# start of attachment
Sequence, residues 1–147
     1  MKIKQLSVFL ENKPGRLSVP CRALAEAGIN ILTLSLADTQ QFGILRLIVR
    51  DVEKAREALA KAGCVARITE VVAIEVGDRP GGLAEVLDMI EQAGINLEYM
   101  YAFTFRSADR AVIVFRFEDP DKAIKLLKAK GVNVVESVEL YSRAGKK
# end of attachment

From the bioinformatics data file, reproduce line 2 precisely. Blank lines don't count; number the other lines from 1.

     1  MKIKQLSVFL ENKPGRLSVP CRALAEAGIN ILTLSLADTQ QFGILRLIVR